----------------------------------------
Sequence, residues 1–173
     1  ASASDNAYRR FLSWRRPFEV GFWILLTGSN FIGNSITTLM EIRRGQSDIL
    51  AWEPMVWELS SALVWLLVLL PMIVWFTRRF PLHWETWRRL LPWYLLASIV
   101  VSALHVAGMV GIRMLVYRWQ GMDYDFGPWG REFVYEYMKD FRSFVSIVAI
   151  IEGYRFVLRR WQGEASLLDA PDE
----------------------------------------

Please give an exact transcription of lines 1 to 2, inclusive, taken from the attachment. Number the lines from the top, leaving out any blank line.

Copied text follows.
Sequence, residues 1–173
     1  ASASDNAYRR FLSWRRPFEV GFWILLTGSN FIGNSITTLM EIRRGQSDIL